New Zealand’s affinity with the FIFA U-17 Women’s World Cup is set to continue this year in Jordan following a highly successful Oceania campaign in the Cook Islands. The Kiwis hosted the inaugural edition of the global tournament in 2008, and they will be one of the few nations to have featured in all five editions of the event when Jordan 2016 kicks-off in September.

While their qualification record over that period is impeccable, so too there was perfection for the Young Football Ferns over all 11 days of the continental event held on the main island of Rarotonga. New Zealand won all five games, posting a remarkable tally of 55 goals, while at the other end their goal remained unbreached. An 8-0 win in Saturday's final against Papua New Guinea merely served to emphasise New Zealand’s supremacy.

PNG maintain status
While the spotlight was once again grabbed by New Zealand, there were major positives in other areas as women’s football continues to develop across the Pacific. Two years ago no qualifying competition was held, while the two other editions of the tournament saw just four teams take part. This time eight nations featured, including debutants Fiji, Vanuatu and Samoa. It was also the first OFC U-17 Women’s Championship to be held outside New Zealand.

Once again Papua New Guinea – hosts of this year’s FIFA U-20 Women’s World Cup – underlined their status as Oceania’s second women’s football nation. PNG U-20 coach Lisa Cole will undoubtedly look to this group to strengthen her side when they welcome the world later this year. Chief among those players will be Belinda Giada who already has enjoyed a taste of senior team action at last year’s Pacific Games. Giada was the early pacesetter over the past week for the tournament’s Golden Boot standings, before finishing with eight goals to be the highest placed non-New Zealander.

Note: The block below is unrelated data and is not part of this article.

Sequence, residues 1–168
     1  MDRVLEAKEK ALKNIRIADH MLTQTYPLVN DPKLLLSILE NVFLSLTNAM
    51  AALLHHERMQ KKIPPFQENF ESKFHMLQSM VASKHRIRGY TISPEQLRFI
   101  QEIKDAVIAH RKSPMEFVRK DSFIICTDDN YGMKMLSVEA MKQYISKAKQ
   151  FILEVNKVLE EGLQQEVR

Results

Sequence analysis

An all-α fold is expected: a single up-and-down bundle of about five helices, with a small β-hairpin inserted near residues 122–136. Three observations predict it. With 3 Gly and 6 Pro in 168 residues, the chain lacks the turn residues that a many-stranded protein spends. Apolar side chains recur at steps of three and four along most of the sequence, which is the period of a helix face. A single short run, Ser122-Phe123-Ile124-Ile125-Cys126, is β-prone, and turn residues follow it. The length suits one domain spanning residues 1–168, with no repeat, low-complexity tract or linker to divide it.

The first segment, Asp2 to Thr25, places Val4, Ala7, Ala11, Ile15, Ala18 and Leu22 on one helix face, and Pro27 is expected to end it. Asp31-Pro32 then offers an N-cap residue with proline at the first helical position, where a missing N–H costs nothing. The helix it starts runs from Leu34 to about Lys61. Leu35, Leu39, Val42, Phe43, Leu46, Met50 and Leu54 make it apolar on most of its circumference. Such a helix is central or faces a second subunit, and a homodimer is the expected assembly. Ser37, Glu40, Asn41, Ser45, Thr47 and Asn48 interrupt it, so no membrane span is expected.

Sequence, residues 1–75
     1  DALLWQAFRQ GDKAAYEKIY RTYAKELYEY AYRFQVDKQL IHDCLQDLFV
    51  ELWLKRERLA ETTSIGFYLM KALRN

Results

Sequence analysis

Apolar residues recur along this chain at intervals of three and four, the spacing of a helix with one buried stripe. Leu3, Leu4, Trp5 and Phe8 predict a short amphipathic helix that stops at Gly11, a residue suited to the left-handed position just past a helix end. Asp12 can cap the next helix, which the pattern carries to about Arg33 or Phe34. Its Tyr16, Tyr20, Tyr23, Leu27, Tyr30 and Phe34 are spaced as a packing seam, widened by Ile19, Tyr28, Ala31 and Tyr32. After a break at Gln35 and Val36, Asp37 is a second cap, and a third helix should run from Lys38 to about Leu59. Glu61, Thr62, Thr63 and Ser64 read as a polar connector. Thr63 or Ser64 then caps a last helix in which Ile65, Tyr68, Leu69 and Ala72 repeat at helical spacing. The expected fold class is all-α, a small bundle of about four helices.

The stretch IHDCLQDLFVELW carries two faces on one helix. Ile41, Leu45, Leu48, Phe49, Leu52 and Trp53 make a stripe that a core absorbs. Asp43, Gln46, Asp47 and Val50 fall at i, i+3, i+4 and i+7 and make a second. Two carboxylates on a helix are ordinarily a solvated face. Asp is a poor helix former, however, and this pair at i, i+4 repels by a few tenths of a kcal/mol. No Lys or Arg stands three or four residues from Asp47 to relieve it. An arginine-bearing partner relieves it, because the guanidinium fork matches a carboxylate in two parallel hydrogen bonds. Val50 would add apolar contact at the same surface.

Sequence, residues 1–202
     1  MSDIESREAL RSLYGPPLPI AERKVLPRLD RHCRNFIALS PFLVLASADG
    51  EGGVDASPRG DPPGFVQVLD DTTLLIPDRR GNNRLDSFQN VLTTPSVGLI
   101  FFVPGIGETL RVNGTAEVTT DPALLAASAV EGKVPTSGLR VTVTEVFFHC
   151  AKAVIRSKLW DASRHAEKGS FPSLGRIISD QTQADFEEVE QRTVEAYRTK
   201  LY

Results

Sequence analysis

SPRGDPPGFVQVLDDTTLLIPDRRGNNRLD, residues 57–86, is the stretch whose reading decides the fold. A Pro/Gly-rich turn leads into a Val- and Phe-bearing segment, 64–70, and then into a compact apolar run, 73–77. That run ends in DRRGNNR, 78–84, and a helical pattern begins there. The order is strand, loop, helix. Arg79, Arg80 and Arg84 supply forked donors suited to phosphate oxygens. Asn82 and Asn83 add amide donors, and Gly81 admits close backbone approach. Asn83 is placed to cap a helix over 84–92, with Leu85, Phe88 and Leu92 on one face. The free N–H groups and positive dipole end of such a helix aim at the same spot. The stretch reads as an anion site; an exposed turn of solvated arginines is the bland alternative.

PNG defied a tough travel schedule – they only arrived five hours before the first game – to excel once again. They won all four matches, before coming undone by a rampant New Zealand in the final. There were positives too for Fiji who finished third, and also had Francine Lockington named goalkeeper of the tournament. New Caledonia also prospered with the Melanesians displaying yet more positives signs of an upward trend in women’s football, after reaching the final in the past two Pacific Games.

Kiwis look to future
For New Zealand, the primary aim was of course qualification for Jordan 2016. However, the age-group is also an important cog in a concerted effort to produce the next generation of talent. To this end, most of the squad featured together in the most recent edition of the nation’s national league, competing as the NZF Development Squad. The cohesion among the group and, indeed, subsequent results, was firm evidence of the squad’s ability.

On the field, New Zealand rarely looked like conceding. But it was at the other end where the statistics were most startling. The team tallied 36 goals across their group matches, and they added a further 19 in two further outings. Leading the charge was striker Hannah Blake who nabbed 14 goals, including a hat-trick in the final.

Not that New Zealand had it all their own way in the decider, with the deadlock remaining until around the half-hour mark before the floodgates opened in the second half.

“We had our goals we wanted to achieve in the final, and we did that against a pretty determined Papua New Guinea side who came out very strong defensively, and also threatened in attack,” said New Zealand coach Gareth Turnbull. “I’m really proud of the way the girls handled themselves at this tournament, and I’m now looking forward to the next stage of this journey.”